Monkey Ropes

Fighting Desert Fire
by Tripp Burwell -- November 7th, 2014

“Fire! There’s a fire!” A scream sprinted past us in the seemingly overwhelming noon-time heat in Namibia’s Kunene desert.

I leapt up.

We had been lounging at field camp, hiding from the sun. A few people began to shuttle water from the camp borehole to a smoking patch of reeds. Having never fought a fire before and unsure of what to do, I joined the assembly line.

Soon, flames crawled into sight. They licked highly combustible, never-burned reeds – reeds that choked the area around the well, likely hiding potentially venomous scorpions and snakes, which might try to flee the fire.

As this thought struck me, I noticed the smoke was spreading quickly through the reeds. The strategy of pouring water on a single spot would not help. Others realized this too. Our assembly line disintegrated.

Our camp the next morning. Photo by Tate Sorvig.

Our camp the next morning. Photo by Tate Sorvig.

Through the mounting chaos, I noticed that people were beginning to move food and belongings away from the camp and into the desert.

A new effort to join.

I donned my sunglasses, wet my shirt, tied it around my nose and mouth, and tightened the straps on my Chaco’s.

Running back to the borehole area felt like walking into an open oven. The reeds smoldered with a sickly sweet suffocating smoke.

We began dragging away solar panels, gasoline containers, batteries, books, portable refrigerators, tents full of clothing and gear.

Haul something out, chuck it on the ground, sprint back. Repeat.

Our hauled out possession. Photo by Kristi Nixon.

Trying to be normal again later that evening. Some of our hauled out possessions. Photo by Kristi Nixon.

I was constantly readjusting my high-tech ember deflection device (a wet t-shirt). The sweat on the back of my head and my face kept it from having much traction.

As it became harder to breathe through the growing smoke, I realized that our plastic water storage tub was melting. Simultaneously, our generator failed, meaning we had no water within about 15 miles to fight the fire.

 

The replacement water tank. Photo by Tate Sorvig.

The replacement water tank. Photo by Tate Sorvig.

I began looking for instruments to battle the flames instead of water buckets. Using hand-blistering shovels, a bonesaw, and dust and stones from the desert, camp members sought to create a fire lane between the few standing buildings and the burning reeds.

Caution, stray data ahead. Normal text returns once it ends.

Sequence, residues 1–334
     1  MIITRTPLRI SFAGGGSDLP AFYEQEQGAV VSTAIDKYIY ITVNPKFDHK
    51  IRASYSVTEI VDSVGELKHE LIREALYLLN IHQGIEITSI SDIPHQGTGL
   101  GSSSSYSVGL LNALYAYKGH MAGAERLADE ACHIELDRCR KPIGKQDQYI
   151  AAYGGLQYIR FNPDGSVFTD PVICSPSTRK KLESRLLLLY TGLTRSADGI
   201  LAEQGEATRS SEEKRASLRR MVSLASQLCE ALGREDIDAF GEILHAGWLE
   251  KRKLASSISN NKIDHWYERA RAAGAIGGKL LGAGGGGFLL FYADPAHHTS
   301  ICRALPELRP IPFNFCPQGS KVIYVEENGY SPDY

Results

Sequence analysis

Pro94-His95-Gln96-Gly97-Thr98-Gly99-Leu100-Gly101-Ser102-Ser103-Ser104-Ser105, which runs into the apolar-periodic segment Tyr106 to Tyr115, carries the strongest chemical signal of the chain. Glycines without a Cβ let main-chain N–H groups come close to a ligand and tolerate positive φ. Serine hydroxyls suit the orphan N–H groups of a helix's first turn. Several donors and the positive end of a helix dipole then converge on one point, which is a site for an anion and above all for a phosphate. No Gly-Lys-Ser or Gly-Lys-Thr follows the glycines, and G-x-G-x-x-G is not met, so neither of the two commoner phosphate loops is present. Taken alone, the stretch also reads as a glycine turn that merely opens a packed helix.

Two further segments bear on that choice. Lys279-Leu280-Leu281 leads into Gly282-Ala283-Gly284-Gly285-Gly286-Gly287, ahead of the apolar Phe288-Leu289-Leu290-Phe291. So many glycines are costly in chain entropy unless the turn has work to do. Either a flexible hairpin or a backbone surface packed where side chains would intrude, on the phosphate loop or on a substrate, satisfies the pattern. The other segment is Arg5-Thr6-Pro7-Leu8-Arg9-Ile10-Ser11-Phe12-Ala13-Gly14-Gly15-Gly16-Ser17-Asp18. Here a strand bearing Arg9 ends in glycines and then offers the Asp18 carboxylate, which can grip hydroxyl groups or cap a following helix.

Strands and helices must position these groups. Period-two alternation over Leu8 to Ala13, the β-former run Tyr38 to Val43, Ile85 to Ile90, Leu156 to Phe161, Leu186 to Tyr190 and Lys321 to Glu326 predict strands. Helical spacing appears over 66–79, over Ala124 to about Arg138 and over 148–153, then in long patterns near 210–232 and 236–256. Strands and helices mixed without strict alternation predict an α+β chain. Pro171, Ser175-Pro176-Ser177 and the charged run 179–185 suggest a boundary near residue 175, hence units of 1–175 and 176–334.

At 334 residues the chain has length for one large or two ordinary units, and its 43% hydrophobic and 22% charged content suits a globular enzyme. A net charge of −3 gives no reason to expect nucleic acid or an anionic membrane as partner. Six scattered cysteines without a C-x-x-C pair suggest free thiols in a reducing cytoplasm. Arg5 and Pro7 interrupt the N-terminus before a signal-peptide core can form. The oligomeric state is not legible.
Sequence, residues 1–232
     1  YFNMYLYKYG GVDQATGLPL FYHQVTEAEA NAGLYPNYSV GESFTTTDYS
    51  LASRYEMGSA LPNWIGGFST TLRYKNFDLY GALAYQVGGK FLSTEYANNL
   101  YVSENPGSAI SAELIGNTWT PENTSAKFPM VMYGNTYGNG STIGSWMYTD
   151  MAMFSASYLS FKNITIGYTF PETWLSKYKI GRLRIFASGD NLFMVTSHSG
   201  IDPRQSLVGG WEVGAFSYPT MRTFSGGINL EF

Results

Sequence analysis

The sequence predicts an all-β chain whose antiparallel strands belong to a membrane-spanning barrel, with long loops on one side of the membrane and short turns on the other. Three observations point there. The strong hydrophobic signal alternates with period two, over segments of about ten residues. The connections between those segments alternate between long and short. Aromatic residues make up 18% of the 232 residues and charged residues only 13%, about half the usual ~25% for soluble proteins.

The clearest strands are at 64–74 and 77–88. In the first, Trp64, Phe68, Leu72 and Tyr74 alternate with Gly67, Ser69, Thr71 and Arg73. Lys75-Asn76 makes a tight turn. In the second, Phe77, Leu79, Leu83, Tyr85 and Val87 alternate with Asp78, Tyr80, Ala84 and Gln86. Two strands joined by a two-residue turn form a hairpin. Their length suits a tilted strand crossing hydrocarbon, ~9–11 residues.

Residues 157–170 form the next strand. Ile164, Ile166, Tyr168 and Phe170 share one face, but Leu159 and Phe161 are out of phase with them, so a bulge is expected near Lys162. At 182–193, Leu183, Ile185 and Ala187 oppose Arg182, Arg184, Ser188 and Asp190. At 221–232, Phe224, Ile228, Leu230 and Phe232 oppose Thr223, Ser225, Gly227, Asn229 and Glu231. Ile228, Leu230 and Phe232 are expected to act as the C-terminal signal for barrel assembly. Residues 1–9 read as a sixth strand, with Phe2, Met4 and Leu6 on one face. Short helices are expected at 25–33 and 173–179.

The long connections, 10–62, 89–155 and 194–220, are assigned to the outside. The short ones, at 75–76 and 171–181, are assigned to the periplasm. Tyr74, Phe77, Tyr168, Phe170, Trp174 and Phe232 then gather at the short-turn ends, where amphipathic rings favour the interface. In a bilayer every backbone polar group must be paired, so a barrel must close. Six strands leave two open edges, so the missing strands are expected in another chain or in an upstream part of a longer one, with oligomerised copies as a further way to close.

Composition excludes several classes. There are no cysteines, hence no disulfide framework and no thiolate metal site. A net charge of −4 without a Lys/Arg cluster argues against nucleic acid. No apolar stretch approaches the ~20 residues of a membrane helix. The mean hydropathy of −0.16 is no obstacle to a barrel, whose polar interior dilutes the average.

Twenty poorly-equipped people were little match for thick patches of smoking reeds. However, about 4 hours after the fire had started, our neighbors from the nearest village (15 miles away) arrived in an enormous trash-hauling truck.

We cheered. They shouted at me in Afrikaans, assuming I could understand, at each other in Damara, and the fire continued its steady, wind-driven march through our camp.

However, after a moment, our new allies simply stood around laughing. I grew confused and incensed. I began to work even harder on my fire lane, hoping that my efforts would inspire them.

When I paused for a break, though, I realized the wisdom of our neighbors.

There were only so many reeds that could burn, we were clearly unable to stop the fire; it would run out of fuel on its own, so why not drag the few last possessions out to the desert and enjoy the show?

The fire finally slowed just after dark. After doing a final patrol, I tried to wipe the char off my feet, in vain.

I ventured back to my tent and slid into my sleeping bag, hoping that no elephants, lions, leopards, or hyenas would lurk around our possession-strewn camp in the dark.

 

 

Feet still charred pretty good the next morning. Photo by Tripp Burwell.

Feet still had a lot of char on them the next morning. Photo by Tripp Burwell.

 

This post is dedicated to Wilmat, who perished in another fire a few months afterwards. Photo by Kristi Nixon.

This post is dedicated to Wilmat, who perished in another fire a few months afterwards. Photo by Kristi Nixon.

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